1. connorbros

    Just a clarification: will the check to succeed be instead of a target’s chance to resist or avoid, or in addition to? Because multiple rolls to see if your turn is just a waste seems like a really bad idea to me. I already work very hard to design away from missing altogether, instead only changing magnitudes of effects, since the nature of a tabletop game is such that it takes some time to get back to your turn (the fastest I’ve been able to make it is around 5 minutes in a reasonable non-trivial battle scenario, which is still a lot of time to wait for a chance to do something).

    -Dustin

    Reply
    1. JackOfHearts Post author

      Yeah, this concept is still pretty rough for me. I was thinking that one way to keep high level casters from getting so much more powerful than the rest of the classes was to introduce the caster check. My thought was that you don’t fail a caster check, but rather continue rolling round after round until you succeed (adding on the prior roll, not starting over). That way, if you roll poorly a few rounds in a row, the other combatants can see that you’re trying to cast a powerful spell and try to disrupt you.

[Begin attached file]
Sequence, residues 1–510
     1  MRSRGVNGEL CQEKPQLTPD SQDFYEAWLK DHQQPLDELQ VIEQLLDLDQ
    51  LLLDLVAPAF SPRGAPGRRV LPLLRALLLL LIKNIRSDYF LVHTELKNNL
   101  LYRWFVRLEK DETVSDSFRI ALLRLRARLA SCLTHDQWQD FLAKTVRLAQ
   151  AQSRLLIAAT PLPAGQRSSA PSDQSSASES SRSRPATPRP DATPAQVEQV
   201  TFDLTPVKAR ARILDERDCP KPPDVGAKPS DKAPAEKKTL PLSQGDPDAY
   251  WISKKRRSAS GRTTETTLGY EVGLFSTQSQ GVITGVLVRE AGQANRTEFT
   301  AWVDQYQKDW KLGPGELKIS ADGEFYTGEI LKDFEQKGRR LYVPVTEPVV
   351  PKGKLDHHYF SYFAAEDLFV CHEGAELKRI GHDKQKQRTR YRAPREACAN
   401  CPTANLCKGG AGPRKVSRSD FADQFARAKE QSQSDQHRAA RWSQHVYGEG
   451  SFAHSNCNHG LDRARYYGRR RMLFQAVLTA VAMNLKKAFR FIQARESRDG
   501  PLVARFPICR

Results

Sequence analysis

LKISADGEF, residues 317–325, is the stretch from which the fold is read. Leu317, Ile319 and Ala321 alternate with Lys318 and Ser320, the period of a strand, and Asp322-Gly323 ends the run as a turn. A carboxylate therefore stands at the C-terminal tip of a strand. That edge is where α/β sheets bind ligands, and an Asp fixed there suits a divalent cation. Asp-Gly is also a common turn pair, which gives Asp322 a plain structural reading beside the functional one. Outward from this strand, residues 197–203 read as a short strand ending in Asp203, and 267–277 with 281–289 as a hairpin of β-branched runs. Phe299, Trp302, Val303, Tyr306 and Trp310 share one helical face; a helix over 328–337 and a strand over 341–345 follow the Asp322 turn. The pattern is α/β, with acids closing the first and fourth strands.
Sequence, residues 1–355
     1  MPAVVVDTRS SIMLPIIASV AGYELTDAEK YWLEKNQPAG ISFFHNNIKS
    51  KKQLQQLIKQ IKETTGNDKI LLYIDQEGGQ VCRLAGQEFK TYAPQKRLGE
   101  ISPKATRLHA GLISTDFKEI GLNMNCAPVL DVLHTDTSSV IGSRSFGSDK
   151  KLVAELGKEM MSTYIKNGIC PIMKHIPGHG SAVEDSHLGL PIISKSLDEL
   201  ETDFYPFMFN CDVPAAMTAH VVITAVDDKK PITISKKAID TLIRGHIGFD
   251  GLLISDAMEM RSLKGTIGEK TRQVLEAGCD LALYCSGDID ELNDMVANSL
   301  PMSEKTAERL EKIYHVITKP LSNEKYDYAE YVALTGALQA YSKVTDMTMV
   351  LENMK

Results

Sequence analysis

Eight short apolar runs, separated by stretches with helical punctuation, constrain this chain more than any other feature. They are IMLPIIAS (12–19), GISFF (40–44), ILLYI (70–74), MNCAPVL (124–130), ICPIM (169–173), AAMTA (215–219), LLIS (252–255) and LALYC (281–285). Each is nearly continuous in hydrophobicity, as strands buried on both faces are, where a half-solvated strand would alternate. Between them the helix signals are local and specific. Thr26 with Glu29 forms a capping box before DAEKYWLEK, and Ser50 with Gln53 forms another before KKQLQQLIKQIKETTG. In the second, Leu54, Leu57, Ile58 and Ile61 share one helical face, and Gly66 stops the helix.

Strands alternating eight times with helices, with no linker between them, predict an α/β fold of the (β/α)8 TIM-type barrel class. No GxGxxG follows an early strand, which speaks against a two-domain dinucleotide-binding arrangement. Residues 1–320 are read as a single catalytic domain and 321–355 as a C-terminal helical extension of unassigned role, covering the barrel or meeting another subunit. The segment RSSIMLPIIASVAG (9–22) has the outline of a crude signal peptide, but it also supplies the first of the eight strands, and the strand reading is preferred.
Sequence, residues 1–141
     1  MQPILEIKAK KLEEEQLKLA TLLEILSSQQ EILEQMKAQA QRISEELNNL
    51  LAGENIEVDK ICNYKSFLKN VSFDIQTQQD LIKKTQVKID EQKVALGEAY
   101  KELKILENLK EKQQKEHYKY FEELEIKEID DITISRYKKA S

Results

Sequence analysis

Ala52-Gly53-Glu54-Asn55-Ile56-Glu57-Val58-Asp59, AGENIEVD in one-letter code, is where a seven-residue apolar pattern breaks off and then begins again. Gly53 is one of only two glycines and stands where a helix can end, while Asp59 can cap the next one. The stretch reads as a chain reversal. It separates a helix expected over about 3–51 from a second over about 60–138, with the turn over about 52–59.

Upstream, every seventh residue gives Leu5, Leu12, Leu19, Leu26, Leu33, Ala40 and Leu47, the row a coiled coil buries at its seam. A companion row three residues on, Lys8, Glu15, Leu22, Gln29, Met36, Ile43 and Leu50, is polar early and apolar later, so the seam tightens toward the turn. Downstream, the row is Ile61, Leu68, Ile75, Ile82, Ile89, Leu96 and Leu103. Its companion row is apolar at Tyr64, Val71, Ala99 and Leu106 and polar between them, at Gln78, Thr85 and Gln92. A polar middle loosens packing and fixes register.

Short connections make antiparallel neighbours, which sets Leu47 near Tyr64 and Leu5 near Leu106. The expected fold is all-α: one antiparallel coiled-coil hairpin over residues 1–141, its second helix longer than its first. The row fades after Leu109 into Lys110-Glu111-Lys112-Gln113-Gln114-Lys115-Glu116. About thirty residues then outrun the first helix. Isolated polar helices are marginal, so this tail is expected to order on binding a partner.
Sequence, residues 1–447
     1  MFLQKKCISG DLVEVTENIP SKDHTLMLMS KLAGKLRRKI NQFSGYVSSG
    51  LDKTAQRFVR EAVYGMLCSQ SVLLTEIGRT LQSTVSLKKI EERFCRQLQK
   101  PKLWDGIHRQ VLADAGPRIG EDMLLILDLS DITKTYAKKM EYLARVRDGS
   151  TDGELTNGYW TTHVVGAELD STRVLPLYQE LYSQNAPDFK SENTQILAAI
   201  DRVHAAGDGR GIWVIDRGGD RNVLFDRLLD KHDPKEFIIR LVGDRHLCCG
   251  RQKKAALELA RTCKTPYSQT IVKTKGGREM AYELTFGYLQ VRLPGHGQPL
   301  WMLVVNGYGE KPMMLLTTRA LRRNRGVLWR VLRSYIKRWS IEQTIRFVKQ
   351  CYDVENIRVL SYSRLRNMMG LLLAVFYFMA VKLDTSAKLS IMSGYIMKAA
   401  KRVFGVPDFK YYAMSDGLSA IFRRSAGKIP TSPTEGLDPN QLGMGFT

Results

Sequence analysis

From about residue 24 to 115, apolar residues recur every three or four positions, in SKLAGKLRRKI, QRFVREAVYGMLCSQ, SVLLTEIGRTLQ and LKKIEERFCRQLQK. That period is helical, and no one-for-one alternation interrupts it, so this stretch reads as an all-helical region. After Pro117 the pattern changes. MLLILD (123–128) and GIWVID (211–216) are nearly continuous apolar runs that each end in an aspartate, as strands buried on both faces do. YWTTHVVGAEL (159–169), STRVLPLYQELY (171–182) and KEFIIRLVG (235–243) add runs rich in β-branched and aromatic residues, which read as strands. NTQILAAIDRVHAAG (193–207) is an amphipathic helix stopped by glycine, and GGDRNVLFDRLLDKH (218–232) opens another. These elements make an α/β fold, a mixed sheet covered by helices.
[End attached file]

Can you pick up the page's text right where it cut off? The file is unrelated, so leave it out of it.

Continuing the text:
I still need to think about how that idea interacts with the spell overcoming a target’s defenses.

      Reply
    2. JackOfHearts Post author

      I meant to ask you about designing away a miss. How do you go about that? I know 4e and 13th age are both incorporating miss effects on most of the powers. I haven’t done that. I think the biggest barrier for me in doing this is that it just feels so anti-climactic to kill a foe on a missed attack. Maybe I just sprinkle in some miss effects, and also rule that an enemy cannot go down on a miss.
      Even still, while I like the idea conceptually for speeding up the game in a less swingy way. After all, we can just lower health on players and enemies to speed things up, but without miss powers, that gets swingy for the players. How do you go about it?

      Reply
      1. connorbros

        Ah, I prefer not to have a ‘to hit’ roll at all, just have the variance be in the magnitude of the effect. As you say, it feels ‘off’ to kill or significantly affect something on a ‘miss’. I just think some of the least fun gameplay happens when a person waits for their turn, plans something, and then nothing happens because of a bad roll (which at least in part describes every single miss in the game). And if I fudge something as DM because they were extra excited, that sends a message that if you ask really nicely, anything will work (which leads to BAD NEWS).

        You could pretty easily just have damage rolls, and if there is an ‘effect’ attached to it, decide on a watered down version if the damage roll is below a threshold (watered down could include ‘doesn’t happen’, as long as other stuff, like damage, does happen).

        If you wanted to do something more drastic, you could ditch ‘damage’ altogether (I ran one campaign where each hit progressed a character’s state along something like Unhurt => staggered => wounded instead of having HP, and more powerful attacks were more likely to just skip a step in one blow), but that obviously requires some extra tweaking to get right.